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By Alan Devall and Bob Mezan
PERRIS, Calif. (Reuters)

Police said on Tuesday they were still seeking answers after finding 13 siblings starving in their parents’ squalid Southern California home, some of them chained to beds under “horrific” conditions in an otherwise ordinary suburb

The grim situation was discovered on Sunday after an emaciated 17-year-old girl escaped through a window of the home in a newer subdivision of Perris, about 70 miles (113 km) east of Los Angeles, and called 911, police said.

 

Medical Director of Child Abuse and Neglect at Riverside University Health System Doctor Grant speaks during a news conference after the arrests of the parents of 13 siblings who police say were found shackled to their beds in Perris, California
Medical Director of Child Abuse and Neglect at Riverside University Health System Doctor Sophia Grant speaks during a news conference after the arrests of the parents of 13 siblings, who police say were found shackled to their beds with chains and padllocks in Perris, California, U.S., January 16, 2018. REUTERS/Mike Blake

 

“I wish I could come to you today with information that would explain why this happened,” said Captain Greg Fellows of the Riverside County Sheriff’s Department. “But we do need to acknowledge the courage of the young girl who escaped from that residence to bring attention so they could get the help they so needed.”

The parents, 57-year-old David Allen Turpin and Louise Anna Turpin, 49, were arrested at their darkened, foul-smelling house after the girl’s 12 siblings were found there.

 

City of Perris Mayor Vargas speaks during a news conference about the arrests of the parents of 13 siblings, who police say were found shackled to their beds with chains and padllocks in Perris, California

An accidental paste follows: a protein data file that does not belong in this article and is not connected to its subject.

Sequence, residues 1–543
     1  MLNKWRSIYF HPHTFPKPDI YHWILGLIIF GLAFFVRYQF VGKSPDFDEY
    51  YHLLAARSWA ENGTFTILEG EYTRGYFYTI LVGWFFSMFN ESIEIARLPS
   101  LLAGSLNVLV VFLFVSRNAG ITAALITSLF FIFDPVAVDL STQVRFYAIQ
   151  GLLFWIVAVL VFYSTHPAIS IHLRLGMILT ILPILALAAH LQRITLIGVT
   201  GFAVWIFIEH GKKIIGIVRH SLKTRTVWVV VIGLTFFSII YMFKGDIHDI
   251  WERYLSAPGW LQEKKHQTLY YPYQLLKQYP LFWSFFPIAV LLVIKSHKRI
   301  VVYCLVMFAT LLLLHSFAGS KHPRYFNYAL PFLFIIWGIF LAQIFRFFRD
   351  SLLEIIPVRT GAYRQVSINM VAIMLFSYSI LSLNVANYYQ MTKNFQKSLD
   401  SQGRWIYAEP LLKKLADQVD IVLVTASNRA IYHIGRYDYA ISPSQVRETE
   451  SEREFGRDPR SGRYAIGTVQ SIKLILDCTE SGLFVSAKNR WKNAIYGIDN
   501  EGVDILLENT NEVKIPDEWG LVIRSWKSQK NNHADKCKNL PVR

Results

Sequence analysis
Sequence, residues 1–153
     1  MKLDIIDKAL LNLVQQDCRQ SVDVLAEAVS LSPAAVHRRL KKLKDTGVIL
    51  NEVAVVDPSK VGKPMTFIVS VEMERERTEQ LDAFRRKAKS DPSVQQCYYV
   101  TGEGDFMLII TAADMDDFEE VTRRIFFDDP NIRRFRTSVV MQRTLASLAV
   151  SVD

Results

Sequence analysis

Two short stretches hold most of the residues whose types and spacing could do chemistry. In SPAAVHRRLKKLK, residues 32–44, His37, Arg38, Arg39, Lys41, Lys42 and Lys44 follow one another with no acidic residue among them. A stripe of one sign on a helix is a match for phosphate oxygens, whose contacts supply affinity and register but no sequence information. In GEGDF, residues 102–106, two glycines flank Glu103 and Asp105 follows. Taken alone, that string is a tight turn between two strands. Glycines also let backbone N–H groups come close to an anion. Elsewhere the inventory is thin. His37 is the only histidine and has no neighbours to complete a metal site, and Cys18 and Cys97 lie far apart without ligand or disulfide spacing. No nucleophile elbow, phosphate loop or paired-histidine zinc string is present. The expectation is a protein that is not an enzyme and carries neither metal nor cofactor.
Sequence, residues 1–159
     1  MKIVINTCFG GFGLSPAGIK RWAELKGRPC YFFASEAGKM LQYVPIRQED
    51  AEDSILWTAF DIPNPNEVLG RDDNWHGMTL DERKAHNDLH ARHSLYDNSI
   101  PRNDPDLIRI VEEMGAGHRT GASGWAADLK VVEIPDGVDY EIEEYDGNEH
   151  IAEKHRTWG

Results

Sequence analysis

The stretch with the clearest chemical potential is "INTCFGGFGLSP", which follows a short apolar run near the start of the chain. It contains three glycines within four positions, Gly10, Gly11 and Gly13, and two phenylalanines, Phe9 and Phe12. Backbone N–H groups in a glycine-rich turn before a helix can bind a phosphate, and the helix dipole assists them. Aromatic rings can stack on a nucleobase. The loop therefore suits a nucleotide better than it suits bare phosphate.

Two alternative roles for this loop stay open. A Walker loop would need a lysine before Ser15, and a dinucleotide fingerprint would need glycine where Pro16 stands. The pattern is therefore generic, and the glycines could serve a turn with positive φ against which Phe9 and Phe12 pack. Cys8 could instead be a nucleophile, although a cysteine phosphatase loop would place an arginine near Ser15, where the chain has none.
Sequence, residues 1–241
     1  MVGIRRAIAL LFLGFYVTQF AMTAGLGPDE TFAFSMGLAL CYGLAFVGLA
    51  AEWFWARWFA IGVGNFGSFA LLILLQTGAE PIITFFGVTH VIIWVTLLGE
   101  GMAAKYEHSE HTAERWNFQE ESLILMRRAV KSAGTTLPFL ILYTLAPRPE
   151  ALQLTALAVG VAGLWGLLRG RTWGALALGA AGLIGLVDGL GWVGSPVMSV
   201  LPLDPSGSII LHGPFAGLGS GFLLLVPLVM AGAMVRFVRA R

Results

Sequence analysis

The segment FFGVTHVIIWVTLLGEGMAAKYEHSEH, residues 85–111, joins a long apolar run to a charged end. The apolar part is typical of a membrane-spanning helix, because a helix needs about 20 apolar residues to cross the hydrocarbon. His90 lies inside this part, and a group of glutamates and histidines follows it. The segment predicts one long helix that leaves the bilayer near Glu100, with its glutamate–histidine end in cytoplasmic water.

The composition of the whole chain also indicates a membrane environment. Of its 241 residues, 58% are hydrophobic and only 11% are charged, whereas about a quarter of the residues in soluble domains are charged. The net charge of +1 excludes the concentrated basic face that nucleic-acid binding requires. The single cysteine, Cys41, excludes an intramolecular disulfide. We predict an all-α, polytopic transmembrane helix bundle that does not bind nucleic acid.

City of Perris Mayor Michael Vargas speaks during a news conference about the arrests of the parents of 13 siblings, who police say were found shackled to their beds with chains and padllocks in Perris, California, U.S., January 16, 2018. REUTERS/Mike Blake

 

The shocking case quickly prompted questions of how the victims, who ranged in age from 2 to 29 years old, could have been kept in such grim conditions without raising suspicions of neighbours or authorities.

But some experts said it may have been easier for the parents to shield their children from scrutiny because they were home-schooled.

 

Turpin appears in a police booking photo in Riverside
David Allen Turpin appears in a booking photo provided by the Riverside County Sheriff’s Department January 15, 2018. Riverside County Sheriff’s Department/Handout via REUTERS

 

“One of the things that was interesting was, he (Turpin) set up his own home school so the kids were accounted for and not really seen by anybody,” said Sherryll Kraizer, a child-abuse prevention expert and the founder of the Coalition for Children.

The California Department of Education lists the Turpin address, where the family has lived since 2014, as the location of the Sandcastle Day School, with David Turpin as principal.

 

Turpin appears in a police booking photo in Riverside
Louise Ann Turpin appears in a booking photo provided by the Riverside County Sheriff’s Department January 15, 2018. Riverside County Sheriff’s Department/Handout via REUTERS

 

Six of the couple’s children are minors, while the rest are over 18, according to neighbours, meaning they are adults under the law.

David and Louise Turpin were each charged with nine counts of torture and 10 counts of child endangerment. They were being held on $9 million bail, with an initial court hearing scheduled for Thursday.

 

‘I WOULD CALL THAT TORTURE’

Police who responded to the girl’s 911 call saw that the children were malnourished, Fellows said, calling conditions “horrific.” Even so, he said, the mother appeared perplexed about why the police were there.

 

 

“If you can imagine being 17 years old and appearing to be a 10-year-old, being chained to a bed, being malnourished, and injuries associated with that,” Fellows said. “I would call that torture.”

Authorities quickly began seeking court authorization to take custody of the children. The state Child Protective Services agency was assisting in an investigation.

 

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